Now, even with that setup we didn't use VLAN's. Why? Because you can QoS without VLAN's and it's not too hard. If it was bigger than this, then I would have likely placed it into a VLAN. But part of the reason I didn't do it is because we had limited ports available at the customer premises and unmanaged switches. They had hardly any budget and although I was nervous about it, it worked fine. In fact we used the passthrough ports on the phones where the phone itself has a port that you connect to the LAN and then another which you connect to the computer.
Basically VLANing can sometimes make it a little easier to filter and prioritise the VLAN VOIP traffic. Because many phones can add the VLAN tag for you. Many IP phones also set the DSCP bits which you can use to prioritize your VOIP traffic as well. However, the VLAN is NOT going to magically make it all work well. Remember, your phones are connected to a switched network, not a shared piece of copper (unless it's the passthrough port. I've had no problems with that) so problems are generally not introduced at the copper level Where the sharing comes in is your internet feed. This is why QoS is the most important part of running VOIP and is the hardest to get right.
VOIP issues get significantly worse the smaller the bandwidth you have available. Why? because several users want to download some files at the same time, and if VOIP traffic doesn't get enough bandwidth or if the packets start getting delayed you get choppy audio. However, most phones can cope with 120ms ping which seems very high, but they have jitter buffers in them that smooths the voice and you don't really notice. So my advice is to ensure you have a good router that can do QoS. 10Mbit/s will do a small office with 10 phones and provide basic internet browsing and the odd download just fine.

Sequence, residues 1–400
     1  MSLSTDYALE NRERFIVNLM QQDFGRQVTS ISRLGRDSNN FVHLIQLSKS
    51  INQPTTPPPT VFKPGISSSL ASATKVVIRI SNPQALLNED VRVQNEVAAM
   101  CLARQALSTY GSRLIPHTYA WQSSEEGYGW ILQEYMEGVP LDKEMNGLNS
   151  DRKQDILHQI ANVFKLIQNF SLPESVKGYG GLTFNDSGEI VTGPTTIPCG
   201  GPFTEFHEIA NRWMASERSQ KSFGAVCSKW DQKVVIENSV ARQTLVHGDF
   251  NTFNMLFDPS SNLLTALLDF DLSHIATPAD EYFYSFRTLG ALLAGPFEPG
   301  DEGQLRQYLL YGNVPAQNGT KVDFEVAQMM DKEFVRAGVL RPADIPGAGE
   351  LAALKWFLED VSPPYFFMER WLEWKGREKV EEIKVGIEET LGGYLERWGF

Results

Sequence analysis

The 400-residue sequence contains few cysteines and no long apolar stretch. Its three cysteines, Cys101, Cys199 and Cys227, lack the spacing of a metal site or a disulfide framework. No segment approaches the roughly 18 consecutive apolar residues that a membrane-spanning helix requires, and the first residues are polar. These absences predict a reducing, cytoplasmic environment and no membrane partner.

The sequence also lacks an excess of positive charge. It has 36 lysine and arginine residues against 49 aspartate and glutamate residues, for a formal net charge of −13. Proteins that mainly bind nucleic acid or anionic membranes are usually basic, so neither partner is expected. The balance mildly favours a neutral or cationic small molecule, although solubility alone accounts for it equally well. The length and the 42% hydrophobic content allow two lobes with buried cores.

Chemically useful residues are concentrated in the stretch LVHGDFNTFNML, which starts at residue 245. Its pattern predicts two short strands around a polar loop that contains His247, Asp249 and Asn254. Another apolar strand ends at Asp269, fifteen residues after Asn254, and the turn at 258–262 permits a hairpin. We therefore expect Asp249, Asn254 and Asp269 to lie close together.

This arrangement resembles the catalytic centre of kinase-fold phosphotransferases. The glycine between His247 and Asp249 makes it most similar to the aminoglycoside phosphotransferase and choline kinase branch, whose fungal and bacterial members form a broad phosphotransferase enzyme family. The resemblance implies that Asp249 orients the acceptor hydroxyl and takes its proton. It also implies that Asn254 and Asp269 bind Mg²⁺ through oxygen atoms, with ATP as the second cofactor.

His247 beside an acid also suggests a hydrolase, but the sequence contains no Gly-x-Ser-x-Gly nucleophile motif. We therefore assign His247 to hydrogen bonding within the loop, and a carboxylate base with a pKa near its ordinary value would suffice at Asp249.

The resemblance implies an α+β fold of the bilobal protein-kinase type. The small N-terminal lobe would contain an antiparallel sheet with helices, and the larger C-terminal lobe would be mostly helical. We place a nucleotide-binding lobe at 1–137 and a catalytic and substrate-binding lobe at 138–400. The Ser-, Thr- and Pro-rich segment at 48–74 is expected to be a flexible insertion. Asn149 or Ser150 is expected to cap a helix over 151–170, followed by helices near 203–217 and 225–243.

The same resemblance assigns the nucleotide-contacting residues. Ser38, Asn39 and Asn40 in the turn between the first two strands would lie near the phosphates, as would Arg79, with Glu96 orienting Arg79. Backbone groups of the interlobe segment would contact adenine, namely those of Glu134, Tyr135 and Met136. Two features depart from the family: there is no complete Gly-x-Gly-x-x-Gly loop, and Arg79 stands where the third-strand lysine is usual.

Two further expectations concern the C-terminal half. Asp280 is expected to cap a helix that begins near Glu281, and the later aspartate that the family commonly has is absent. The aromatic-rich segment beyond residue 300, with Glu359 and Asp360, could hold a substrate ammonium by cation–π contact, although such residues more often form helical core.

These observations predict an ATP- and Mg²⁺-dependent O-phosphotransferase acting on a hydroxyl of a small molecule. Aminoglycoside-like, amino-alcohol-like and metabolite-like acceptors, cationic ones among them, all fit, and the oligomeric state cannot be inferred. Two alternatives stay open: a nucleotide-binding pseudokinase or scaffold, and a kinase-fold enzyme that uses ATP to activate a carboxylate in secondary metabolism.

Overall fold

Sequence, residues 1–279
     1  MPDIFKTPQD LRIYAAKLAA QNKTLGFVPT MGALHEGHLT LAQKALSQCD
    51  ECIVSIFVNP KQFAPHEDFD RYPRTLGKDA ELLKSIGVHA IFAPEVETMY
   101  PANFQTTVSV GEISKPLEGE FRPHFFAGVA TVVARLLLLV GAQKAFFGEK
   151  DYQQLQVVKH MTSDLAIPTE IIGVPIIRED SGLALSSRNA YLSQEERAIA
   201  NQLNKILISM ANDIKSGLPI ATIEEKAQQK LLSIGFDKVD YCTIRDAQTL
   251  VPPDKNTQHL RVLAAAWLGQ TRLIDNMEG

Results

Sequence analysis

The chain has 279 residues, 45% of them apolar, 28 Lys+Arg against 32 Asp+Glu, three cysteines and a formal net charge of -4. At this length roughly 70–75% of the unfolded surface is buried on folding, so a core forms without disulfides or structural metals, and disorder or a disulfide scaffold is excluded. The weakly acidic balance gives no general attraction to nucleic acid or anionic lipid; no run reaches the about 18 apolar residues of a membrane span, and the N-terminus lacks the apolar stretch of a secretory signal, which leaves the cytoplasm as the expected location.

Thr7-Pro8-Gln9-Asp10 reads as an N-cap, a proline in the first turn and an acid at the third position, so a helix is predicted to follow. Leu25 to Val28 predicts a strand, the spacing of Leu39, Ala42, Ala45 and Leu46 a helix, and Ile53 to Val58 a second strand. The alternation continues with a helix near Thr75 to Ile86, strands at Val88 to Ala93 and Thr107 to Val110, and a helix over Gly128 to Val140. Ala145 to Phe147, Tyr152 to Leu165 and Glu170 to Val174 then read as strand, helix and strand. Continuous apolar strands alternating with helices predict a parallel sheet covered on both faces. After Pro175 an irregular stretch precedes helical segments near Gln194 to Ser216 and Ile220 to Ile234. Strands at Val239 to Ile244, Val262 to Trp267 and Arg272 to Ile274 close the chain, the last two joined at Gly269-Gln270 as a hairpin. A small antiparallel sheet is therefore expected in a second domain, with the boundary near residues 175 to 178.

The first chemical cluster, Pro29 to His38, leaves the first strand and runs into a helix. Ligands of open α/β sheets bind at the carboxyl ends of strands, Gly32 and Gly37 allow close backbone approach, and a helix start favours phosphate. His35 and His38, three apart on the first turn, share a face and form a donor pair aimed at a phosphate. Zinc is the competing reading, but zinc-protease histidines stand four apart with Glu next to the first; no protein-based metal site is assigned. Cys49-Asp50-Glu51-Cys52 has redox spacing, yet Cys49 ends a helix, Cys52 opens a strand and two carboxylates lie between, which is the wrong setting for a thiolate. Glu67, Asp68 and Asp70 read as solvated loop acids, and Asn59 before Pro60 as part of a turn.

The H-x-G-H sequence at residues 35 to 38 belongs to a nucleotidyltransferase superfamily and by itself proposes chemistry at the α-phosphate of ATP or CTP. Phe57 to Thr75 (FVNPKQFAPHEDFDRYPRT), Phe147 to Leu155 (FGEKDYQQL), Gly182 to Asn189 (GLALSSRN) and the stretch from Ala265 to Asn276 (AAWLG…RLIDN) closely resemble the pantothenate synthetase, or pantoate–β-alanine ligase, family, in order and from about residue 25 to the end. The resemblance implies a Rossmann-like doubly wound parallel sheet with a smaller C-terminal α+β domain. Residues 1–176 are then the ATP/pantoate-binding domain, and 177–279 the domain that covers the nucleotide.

And then have a read of Toastman's comments on how QoS works (google it). He's been a big contributor to the excellent tomato router replacement software. And even if you don't use tomato, he gives a very good explanation of how QoS works and how you can make all this work for you. I used Mikrotik gear myself which has good QoS built in. Cisco gear can also do it, but it's more expensive. At home I used tomato and that worked very very well also.
Hope that helps.
To seperate departments VLAN are great. But for VoIP, I highly suggest a seperated physical network.
It will be easier to manage Jitter and QoS in general.
For your engineering department, remember that even if you create a VLAN just for them, they will still go on the same switches, therefore they will clug the switch that all other VLANs are on.
That's another queue that adding a VLAN just for VoIP won't help you much.
Alright, I don't mind the down votes, but to all of you who tells me I don't know how to do my job, I'd like to have your opinion on voice VLAN hopping and adding a single point of failure by aggregating two networks that have two different purposes.
If your only argument is that its longer to plug cables and install switches then you are lazy, not competent.
I know voice VLANs are widely used, McDonalds is widely eaten...doesn't mean it's the best meal in town.
It would be nice for contributors to be, at least, polite. Members with thousands of rep should have read and apply Etiquette.